# Does overfitting imply an upper bound on model size/complexity?

Suppose that I have a model M that overfits a large dataset S such that the test error is 30%. Does that mean that there will always exist a model that is smaller and less complex than M that will have a test error less than 30% on S (and does not overfit S).

• If you want to discuss theoretical bounds, you should probably define a few more terms. Such as relative size of test and train sets, what counts as over-fitting in numerical terms (100% accuracy on training data - or something else?) If overfitting is 100%, the training and test data are drawn from the same distribution and test set is smaller, then you should be able to construct a smaller model which 100% fits the test data - such a model probably exists, but it would be very unlikely to be reachable by training on the training data. That seems trivial - is it what you are looking for? – Neil Slater Oct 21 '18 at 13:33
• What exactly you mean by less complex? – DuttaA Oct 21 '18 at 14:03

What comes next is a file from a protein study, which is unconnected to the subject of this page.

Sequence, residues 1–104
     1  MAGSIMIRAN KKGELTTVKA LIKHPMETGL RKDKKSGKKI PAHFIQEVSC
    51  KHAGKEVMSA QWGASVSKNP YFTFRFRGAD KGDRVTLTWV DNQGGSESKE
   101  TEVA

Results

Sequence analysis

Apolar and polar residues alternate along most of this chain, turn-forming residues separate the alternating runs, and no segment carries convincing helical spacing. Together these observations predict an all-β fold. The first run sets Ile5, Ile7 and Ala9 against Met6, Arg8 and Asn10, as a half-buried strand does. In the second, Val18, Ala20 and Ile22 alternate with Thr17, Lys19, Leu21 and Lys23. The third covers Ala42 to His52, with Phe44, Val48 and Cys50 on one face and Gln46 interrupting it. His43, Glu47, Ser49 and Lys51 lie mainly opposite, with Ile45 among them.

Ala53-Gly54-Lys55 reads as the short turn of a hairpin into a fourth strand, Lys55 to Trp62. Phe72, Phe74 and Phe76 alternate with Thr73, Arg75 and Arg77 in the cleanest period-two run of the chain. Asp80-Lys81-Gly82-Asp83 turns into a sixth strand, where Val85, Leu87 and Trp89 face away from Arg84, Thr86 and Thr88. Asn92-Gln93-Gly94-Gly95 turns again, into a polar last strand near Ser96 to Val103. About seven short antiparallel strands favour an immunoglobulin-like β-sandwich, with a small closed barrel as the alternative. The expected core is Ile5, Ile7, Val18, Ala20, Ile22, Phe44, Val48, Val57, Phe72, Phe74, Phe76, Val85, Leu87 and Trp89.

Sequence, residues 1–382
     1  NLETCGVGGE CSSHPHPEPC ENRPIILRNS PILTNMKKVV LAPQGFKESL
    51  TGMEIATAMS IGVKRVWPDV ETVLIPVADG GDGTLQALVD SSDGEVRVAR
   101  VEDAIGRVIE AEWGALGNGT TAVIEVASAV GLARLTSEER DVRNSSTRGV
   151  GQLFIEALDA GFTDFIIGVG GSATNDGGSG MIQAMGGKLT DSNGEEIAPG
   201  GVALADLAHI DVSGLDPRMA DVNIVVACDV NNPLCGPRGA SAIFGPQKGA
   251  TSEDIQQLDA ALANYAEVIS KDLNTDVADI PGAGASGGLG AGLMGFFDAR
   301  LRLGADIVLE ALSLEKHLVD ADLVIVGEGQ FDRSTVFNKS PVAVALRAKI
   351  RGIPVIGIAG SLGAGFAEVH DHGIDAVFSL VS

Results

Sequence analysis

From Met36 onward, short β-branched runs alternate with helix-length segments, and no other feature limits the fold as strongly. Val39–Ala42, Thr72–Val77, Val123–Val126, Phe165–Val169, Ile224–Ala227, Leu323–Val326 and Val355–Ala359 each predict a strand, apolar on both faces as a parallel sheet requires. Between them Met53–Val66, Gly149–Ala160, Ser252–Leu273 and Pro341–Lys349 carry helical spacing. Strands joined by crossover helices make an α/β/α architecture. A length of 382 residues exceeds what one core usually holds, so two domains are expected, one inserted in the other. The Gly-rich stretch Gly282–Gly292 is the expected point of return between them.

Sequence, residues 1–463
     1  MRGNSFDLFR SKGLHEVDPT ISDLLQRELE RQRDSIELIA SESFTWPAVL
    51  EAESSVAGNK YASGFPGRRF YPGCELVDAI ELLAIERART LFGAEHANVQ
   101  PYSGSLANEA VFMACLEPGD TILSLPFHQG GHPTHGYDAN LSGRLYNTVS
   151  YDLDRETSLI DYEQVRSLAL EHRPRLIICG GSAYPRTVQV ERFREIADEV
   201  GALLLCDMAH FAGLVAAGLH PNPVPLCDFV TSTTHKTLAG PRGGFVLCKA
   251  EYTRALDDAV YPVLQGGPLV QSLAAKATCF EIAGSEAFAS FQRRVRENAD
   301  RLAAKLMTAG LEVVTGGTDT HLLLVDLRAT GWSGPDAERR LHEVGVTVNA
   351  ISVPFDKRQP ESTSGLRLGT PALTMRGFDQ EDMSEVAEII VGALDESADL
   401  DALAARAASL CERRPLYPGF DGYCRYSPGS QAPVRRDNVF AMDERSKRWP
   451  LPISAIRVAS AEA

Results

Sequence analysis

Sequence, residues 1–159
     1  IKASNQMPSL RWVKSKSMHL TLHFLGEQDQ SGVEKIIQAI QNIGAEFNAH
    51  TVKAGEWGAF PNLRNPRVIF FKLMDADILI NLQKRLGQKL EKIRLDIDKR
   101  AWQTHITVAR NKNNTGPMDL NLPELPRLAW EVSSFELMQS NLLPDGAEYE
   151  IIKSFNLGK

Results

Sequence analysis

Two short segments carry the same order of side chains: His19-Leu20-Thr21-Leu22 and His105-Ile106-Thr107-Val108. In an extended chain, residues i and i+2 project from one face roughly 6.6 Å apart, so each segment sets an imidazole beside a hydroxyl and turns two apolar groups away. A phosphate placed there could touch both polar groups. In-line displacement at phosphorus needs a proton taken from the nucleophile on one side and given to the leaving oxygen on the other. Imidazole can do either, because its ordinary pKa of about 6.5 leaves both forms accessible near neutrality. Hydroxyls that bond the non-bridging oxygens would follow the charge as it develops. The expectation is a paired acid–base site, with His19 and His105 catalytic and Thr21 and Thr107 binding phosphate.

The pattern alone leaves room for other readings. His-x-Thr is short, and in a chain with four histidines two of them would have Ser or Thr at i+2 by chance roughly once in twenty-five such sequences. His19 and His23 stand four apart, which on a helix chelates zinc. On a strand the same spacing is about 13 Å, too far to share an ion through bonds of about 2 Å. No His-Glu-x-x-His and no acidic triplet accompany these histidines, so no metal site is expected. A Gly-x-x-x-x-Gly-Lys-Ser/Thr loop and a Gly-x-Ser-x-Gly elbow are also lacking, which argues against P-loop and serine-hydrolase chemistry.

• @NeilSlater for now I only wanted an intuitive explanation. But it would be interesting to have some sort of theoretical bound. Could you point me to some resources that discuss these theoretical bounds? – Shehryar Malik Oct 22 '18 at 8:49
• @DuttaA for now I am using the term complexity quite loosely. Here I mean the size of the model/number of parameters it has. – Shehryar Malik Oct 22 '18 at 8:52

Still, we can't conclude, "There will always exist a model that is smaller and less complex than $$M$$ that will have a test error less than 30% on $$S$$." Counter examples can probably be constructed with a little thought and effort.